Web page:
The plan for the day was to head straight off to Landguard Bird Observatory along the east coast, before visiting some prime Suffolk birding sites under the excellent guidance of local birders Ben Moyes and David Walsh.

First stop was Landguard Bird Observatory, where Nigel Odin gave us a thorough introduction to the area and the observatory’s work. He also showed us some of the fantastic moth species attracted to the observatory’s moth traps overnight, which included a Beautiful Hook-tip (new to the site), Cream-spot Tigers and Small Elephant Hawkmoths

Cream-spot Tiger
Painted Lady

With something of an impressive track record for mega rares and scarce birds alike, we were all in anticipation of a Trumpeter Finch or something popping up in front of us as we wandered around the site. Alas, it was not to be – Ringed Plovers, Linnets and a couple of Whitethroats provided the greatest interest as we walked about the shingle and beach. It was good to see of the plant species inhabiting this unique habitat, however, such as Detander, Rest Harrow, Yellow Horn Poppy, Sea Kale and Dove’s Foot Cranesbill.

Sea Spurge was well at-home on the arid shingle substrate

Next stop was Upper Hollesley Common, where we hoped to catch up with some heathland and Suffolk specialities. The first target species wasn’t a problem: a cracking male Woodlark was in full song-flight as we stepped out of the vans, and Stonechats, Yellowhammers, a single Yellow Wagtail and some passing Swifts gave appearances too. The second target species proved far more tricky: we waited around for over an hour searching the heath for the Dartford Warbler, but not a sniff of call or song was heard.

Yellowhammers were very much in evidence atop the Hawthorn bushes on the heath

Running out of time, we were ready to pack up and head on when David Walsh appeared with the exciting news that he’d found one along a track nearby. We all piled over to the spot, only to wait another half hour under the intense sun before one finally popped up a little way away. A scramble and clutter of scopes ensued, before at least most of the group were given their first views of this long-tailed Sylvia scrub warbler.

Our final destination for the day – and Bird Camp 2017 – was the wetland area of Hollesley Marshes. This RSPB reserve is a relatively new creation, situated in the Alde-Ore estuary and consisting of marshes, wetlands, salt marsh and lush meadow habitats. The perfect haunt for species like Pied Avocets, Lapwings, a variety of passage and breeding waders, and an abundance of invertebrate life too.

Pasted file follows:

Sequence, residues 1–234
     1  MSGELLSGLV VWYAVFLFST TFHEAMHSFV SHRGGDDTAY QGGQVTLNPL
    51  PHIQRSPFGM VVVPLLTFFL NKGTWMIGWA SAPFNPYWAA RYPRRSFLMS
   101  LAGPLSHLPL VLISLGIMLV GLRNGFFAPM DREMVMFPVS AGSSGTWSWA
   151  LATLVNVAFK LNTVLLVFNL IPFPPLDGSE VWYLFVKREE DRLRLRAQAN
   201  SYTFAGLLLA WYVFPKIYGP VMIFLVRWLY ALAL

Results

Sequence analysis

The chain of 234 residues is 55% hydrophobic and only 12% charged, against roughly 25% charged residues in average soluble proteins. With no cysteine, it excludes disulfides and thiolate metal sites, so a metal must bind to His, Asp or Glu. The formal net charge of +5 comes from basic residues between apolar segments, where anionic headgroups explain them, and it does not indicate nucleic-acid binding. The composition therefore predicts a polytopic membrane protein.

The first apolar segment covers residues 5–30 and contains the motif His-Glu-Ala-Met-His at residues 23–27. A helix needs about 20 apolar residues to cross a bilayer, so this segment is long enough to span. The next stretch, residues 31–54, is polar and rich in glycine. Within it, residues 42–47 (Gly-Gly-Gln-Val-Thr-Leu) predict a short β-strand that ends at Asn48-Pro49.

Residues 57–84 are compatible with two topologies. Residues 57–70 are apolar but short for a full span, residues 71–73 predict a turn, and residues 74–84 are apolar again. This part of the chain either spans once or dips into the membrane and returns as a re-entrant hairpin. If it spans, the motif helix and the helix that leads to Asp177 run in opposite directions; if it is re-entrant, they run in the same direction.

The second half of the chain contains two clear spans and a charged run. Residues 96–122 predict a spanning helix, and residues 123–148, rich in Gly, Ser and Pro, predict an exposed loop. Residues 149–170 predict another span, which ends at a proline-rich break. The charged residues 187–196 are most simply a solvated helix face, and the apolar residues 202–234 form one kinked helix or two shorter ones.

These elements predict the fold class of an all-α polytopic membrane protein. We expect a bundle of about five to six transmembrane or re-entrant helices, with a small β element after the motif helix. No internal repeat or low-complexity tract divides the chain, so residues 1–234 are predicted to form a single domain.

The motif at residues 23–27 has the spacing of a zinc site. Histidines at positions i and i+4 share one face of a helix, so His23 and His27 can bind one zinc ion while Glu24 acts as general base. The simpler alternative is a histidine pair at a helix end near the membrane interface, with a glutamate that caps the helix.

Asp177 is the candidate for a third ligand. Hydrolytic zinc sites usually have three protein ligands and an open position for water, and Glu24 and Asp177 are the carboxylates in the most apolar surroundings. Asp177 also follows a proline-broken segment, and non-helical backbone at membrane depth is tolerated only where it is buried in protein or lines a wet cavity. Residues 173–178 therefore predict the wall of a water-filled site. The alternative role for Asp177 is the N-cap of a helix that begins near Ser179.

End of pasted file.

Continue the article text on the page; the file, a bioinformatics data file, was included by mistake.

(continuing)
Heading into the Hollesley marsh reserve

We again split into two groups to cover the reserve, and spent an enjoyable afternoon being treated to fantastic views of the breeding Pied Avocets, calling incessantly as they harried passing crows and harriers; Lapwings displaying over the damp meadows, Common Terns fishing offshore, two adult Mediterranean Gulls drifting overhead, and a variety of wildfowl and waders within the reserve offering a good opportunity to test ID skills and utilize the scopes kindly donated from Opticron for the weekend event. Closer scrutiny of some of the reserve’s breeding avocets revealed at least four to be bearing colour rings, which Elliot and Max obtained exact combinations for and we await the news on their history!

Birding our way around Hollesley Marsh (c) Max Hellicar

It was particularly exciting to see several Red-veined Darters amongst the Black-tailed Skimmers and Broad-bodied Chasers beside the paths: this species is a scarce one in the UK, occurring in small irruptive movements every few years during the springtime. The pterostigma on each wing is characteristically orange outlined with a thick black border, enabling easy recognition from other similar darter species…

female Red-veined Darter

And thus concluded Bird Camp 2017! I must say a massive thanks to the whole BTO team for such a brilliant event and their endless enthusiasm and knowledge: Ieuan Evans, Viola Ross-Smith, Lee Barber, Paul Stancliffe, Justin Walker and Dave Leech; a big thanks must also go to David Walsh and Ben Moyes for their expert guidance around the reserves and birding spots; and finally this event wouldn’t have been possible without the support of the Cameron Bespolka Trust, so please do head over to their website to find out more and consider donating to their inspiring work.

posing a Reed Warbler prior to release on our morning CES session at Thetford (c) Max Hellicar

To conclude – I am incredibly glad I was able to come along and help out with this year’s Bird Camp. Whilst we did see some some fantastic birds and wildlife, it was meeting such an enthusiastic and knowledgeable bunch of young birders and people that really made it so rewarding. I can’t wait to see these young birders develop in their interest and passion – keep an eye on their blogs and twitter feed!

Take a look at this superb video Amy Hall composed over the course of the weekend too.

Thanks to Elliot for composing this list of links…do head over and have a look:

The BTO team@_BTO |

The young birder crew